When a client engages us to help their sales staff, we often ask to interview their top performers. Our purpose is to decode their selling DNA and identify the markers that make them so successful. One common thing we’ve found is that top sales performers consistently help their customers to meet their objectives by selling business value.
There are three tactics these top sellers employ to establish value:
- Get to the cost of the problem today. Buyers will face any number of problems. Great sales people help buyers define in totality all the costs those problems bring. The cost may be non-monetary like low morale or frustration, but costs that strike the bottom line are numbers that are heard by every person involved in making the buying decision. When you are the high-priced product in the market, it seems that every buyer asks about prices first. Great sellers shape and frame conversations around the costs of the buyer’s problems, not on the price of their solution.
- Tell stories. Stories help the buyers discover for themselves the problems they are facing or the solutions that are needed. Great sales people have several stories, personal experiences that they share depending on the situation or desired outcome. They share stories when the conversation lulls and the buyer is unable to articulate problems. Stories have purpose and you begin them by framing who they are about, their problem, a turning point, and a resolution. Stories not only get to problems, they can be used to describe how others use and derive business value from your products.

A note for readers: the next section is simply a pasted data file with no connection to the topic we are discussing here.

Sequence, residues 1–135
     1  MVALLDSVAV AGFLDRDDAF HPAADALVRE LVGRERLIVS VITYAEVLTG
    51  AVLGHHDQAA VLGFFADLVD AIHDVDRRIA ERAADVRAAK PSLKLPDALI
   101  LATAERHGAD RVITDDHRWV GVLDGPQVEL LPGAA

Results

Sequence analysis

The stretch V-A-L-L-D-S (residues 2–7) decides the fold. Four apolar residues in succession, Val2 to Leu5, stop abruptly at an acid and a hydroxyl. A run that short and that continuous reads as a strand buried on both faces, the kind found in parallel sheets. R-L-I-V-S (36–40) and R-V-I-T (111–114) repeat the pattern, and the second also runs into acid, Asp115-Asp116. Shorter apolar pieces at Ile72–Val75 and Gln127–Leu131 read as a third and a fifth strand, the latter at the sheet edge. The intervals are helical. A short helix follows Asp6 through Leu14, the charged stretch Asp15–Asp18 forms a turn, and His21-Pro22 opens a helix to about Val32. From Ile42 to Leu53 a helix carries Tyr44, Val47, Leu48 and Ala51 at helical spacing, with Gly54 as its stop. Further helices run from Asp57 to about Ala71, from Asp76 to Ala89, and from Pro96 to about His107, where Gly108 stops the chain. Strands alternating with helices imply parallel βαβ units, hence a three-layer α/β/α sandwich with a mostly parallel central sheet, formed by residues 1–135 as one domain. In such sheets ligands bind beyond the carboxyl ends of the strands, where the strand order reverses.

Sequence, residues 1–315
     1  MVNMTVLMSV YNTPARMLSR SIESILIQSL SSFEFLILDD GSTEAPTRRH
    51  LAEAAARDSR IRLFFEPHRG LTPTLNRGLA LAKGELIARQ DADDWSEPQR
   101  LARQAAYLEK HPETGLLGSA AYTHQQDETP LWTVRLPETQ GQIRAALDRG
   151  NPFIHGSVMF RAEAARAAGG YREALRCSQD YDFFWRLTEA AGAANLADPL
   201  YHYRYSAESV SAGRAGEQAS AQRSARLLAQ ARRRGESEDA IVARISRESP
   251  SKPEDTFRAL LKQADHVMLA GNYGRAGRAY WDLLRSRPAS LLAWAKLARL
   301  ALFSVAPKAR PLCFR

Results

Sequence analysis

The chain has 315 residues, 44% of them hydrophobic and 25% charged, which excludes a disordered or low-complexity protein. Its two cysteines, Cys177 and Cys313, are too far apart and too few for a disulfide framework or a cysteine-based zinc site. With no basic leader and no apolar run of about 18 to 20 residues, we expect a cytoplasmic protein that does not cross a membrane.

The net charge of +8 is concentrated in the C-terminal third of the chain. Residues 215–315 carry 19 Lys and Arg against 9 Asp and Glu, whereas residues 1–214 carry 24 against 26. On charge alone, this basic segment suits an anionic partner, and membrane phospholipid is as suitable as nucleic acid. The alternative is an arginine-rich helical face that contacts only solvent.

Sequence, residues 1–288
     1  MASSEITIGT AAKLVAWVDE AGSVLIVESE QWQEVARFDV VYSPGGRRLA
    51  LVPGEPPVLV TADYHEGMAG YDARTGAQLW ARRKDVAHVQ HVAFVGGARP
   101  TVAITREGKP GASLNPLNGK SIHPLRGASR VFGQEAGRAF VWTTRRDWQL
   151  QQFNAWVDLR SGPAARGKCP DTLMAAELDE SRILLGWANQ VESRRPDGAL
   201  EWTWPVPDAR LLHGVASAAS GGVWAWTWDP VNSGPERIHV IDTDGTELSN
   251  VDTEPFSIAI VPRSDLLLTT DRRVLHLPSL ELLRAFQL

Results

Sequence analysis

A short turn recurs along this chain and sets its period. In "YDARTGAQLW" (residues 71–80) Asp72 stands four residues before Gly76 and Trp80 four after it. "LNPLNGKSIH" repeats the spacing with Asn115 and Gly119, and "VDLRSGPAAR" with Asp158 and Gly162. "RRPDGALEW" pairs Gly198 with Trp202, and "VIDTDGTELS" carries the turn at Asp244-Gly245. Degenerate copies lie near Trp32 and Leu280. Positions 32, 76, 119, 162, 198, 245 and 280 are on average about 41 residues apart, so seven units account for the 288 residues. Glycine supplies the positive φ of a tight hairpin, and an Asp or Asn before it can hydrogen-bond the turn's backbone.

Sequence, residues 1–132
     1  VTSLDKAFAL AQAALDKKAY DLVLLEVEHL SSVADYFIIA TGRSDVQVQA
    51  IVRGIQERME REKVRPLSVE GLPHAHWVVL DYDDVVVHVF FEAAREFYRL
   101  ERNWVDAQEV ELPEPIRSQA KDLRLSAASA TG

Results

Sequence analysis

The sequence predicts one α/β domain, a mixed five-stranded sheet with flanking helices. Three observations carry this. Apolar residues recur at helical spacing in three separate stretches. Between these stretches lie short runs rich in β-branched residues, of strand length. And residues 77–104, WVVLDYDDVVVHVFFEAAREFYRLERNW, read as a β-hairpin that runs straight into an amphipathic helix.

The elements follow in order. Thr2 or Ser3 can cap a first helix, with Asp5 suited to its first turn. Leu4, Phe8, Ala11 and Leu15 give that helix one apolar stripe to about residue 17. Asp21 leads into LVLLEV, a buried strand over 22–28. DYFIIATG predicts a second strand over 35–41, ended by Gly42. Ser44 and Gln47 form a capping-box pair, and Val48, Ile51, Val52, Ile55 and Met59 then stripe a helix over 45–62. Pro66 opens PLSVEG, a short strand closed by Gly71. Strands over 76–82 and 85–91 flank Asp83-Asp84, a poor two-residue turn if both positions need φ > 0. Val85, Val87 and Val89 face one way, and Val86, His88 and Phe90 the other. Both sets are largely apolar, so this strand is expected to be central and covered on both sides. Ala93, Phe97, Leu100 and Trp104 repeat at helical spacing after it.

- Summarize the conversation in writing. All sellers tell me that they create meeting summaries, but few do it well. We sell our services to many companies in different industries. I am constantly referring to the meeting summary emails I’ve written as follow up after our conversations. These emails summarize the problems they are facing, the costs these problems are causing, the solutions we discussed and value of those solutions, and, of course, the next steps as discussed. This helps the customer and I keep the focus on the problems we are trying to solve. Great sales people don’t rely on memory. They summarize the meeting conversations by writing it down, sharing it with the customer, and allowing the customer to give feedback.
Have you used any of these techniques to establish value in your sales process? Do you have others you use? We’d love to hear from you. Send us an email to firstname.lastname@example.org